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    PEOPLE WHO LOOK THE SAME CAN BE VERY DIFFERENT

    Weston, Florida, by all appearances, looks like a homogenous community. Street after street of identically beautiful homes occupied by equally identically beautiful families. But, outward appearances can be deceiving. Within this small community there are different types of beautiful households occupied by people with different lifestyles, habits and preferences.

    Weston is a young, affluent community butting up against the Everglades in western Broward County, 15 miles from Ft. Lauderdale. According to the U.S. Census estimates, its median household income is more than $138,000 per year, two-and-a-half times the national average. More than 80 percent of residents are white and most of the city’s families are traditional, with 80 percent of children living in homes with both parents.

    Weston is compact, with just four zip codes covering the city’s 21,800 households, so marketing there would appear to be a slam-dunk. A company wishing to reach affluent customers should be able to pick one or two zip codes and efficiently rake in new customers.

    Analyzing U.S. Census data by zip code is a good start towards creating an effective target marketing campaign, but it doesn’t go deep enough in providing the information needed to provide the critical difference between scoring big and missing the mark.

    That’s why the biggest, most successful companies in America turn to Lifestyle Segmentation research to drill down deep to identify their true target customer groups. Invented more than thirty years ago and refined today by such research companies as Claritas and Experian, lifestyle segmentation groups people into different categories based on the lifestyles they lead and the neighborhoods in which they live. Each neighborhood in the U.S. is assigned to one of the system’s sixty lifestyle cluster codes based on Census data, proprietary research and credit reporting history.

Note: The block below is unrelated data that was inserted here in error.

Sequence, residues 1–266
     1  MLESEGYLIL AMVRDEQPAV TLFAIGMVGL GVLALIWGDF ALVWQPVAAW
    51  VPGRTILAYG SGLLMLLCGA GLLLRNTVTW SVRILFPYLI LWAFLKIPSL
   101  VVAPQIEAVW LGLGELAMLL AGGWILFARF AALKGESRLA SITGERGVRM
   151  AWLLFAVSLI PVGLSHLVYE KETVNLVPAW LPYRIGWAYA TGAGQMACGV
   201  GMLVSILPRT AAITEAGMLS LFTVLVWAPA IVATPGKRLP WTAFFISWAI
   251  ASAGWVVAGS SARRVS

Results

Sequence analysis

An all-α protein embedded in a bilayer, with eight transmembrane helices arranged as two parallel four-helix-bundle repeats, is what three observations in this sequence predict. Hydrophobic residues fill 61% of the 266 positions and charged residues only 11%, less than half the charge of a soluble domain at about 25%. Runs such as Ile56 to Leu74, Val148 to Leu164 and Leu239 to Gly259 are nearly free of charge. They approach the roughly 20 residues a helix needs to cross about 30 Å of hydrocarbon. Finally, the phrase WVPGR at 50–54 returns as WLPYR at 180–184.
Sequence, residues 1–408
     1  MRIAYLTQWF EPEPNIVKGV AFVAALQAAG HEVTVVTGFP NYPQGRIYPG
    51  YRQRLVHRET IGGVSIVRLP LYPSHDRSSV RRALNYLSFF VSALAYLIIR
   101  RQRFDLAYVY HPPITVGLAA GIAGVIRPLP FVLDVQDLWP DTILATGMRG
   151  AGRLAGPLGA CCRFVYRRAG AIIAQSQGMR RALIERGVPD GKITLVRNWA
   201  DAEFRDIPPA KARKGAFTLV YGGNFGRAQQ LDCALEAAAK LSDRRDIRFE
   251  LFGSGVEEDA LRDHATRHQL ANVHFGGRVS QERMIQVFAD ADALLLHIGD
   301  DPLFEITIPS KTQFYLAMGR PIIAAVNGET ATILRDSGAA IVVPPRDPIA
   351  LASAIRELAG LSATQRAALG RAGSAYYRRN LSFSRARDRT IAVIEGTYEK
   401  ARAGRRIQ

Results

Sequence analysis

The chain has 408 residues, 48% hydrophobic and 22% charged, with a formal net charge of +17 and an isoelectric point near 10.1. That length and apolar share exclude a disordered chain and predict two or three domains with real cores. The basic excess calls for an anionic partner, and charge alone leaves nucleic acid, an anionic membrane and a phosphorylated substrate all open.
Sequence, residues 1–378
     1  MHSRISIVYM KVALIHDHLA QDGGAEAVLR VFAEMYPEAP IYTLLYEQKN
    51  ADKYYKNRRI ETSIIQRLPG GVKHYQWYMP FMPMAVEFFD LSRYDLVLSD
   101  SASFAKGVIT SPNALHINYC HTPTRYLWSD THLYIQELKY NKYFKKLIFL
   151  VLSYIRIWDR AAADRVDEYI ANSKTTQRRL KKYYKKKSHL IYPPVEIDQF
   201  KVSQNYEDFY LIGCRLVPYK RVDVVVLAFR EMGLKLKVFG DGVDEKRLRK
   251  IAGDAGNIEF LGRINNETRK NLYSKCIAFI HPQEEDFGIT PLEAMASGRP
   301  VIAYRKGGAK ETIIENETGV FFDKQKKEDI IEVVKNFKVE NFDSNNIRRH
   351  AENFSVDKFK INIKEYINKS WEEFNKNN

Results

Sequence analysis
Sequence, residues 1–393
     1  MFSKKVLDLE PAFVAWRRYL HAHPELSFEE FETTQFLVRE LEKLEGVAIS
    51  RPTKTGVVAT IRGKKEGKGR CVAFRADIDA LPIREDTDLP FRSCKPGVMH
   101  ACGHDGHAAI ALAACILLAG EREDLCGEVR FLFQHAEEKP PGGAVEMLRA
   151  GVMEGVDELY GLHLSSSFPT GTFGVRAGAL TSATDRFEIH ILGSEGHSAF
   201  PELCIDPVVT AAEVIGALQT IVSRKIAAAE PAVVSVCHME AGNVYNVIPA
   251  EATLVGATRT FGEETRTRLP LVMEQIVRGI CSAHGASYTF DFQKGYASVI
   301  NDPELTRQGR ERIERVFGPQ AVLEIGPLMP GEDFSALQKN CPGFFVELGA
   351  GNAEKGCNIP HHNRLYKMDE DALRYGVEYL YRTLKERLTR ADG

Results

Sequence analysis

The profiles are amazingly detailed, evaluating more than 300 different lifestyle elements. When marketers analyze communities using this fine level of information, they can pinpoint their best customers and prospects, eliminating waste and improving the effectiveness of their message.

    In Weston’s case, there are two similar, but distinct family subsets living in adjoining communities. While they share many characteristics, their differences can have a great impact on a marketer’s strategy and tactics.

    One group, identified as Enterprising Couples by Experian’s Mosaic Lifestyle Segmentation system, is predominately baby boom families, ages 45-64 with older children (tweens and teens, aged 10-17). The other group is called New Suburbia Families. These are Gen-X households, aged 25-44. Their children range from infants to pre-teens. While families from each group share many similar lifestyle characteristics (they’re fairly conservative, work in professional white collar jobs, use the internet with great dexterity and favor driving SUVs and minivans, it’s their differences that make the difference.

    Enterprising couples earn more money than their younger counterparts. They’re twice as likely to have high dollar value investment portfolios (more than $50,000)or invest in collectibles. If they don’t drive a Honda Odyssey, their favorite car is a Cadillac CTS.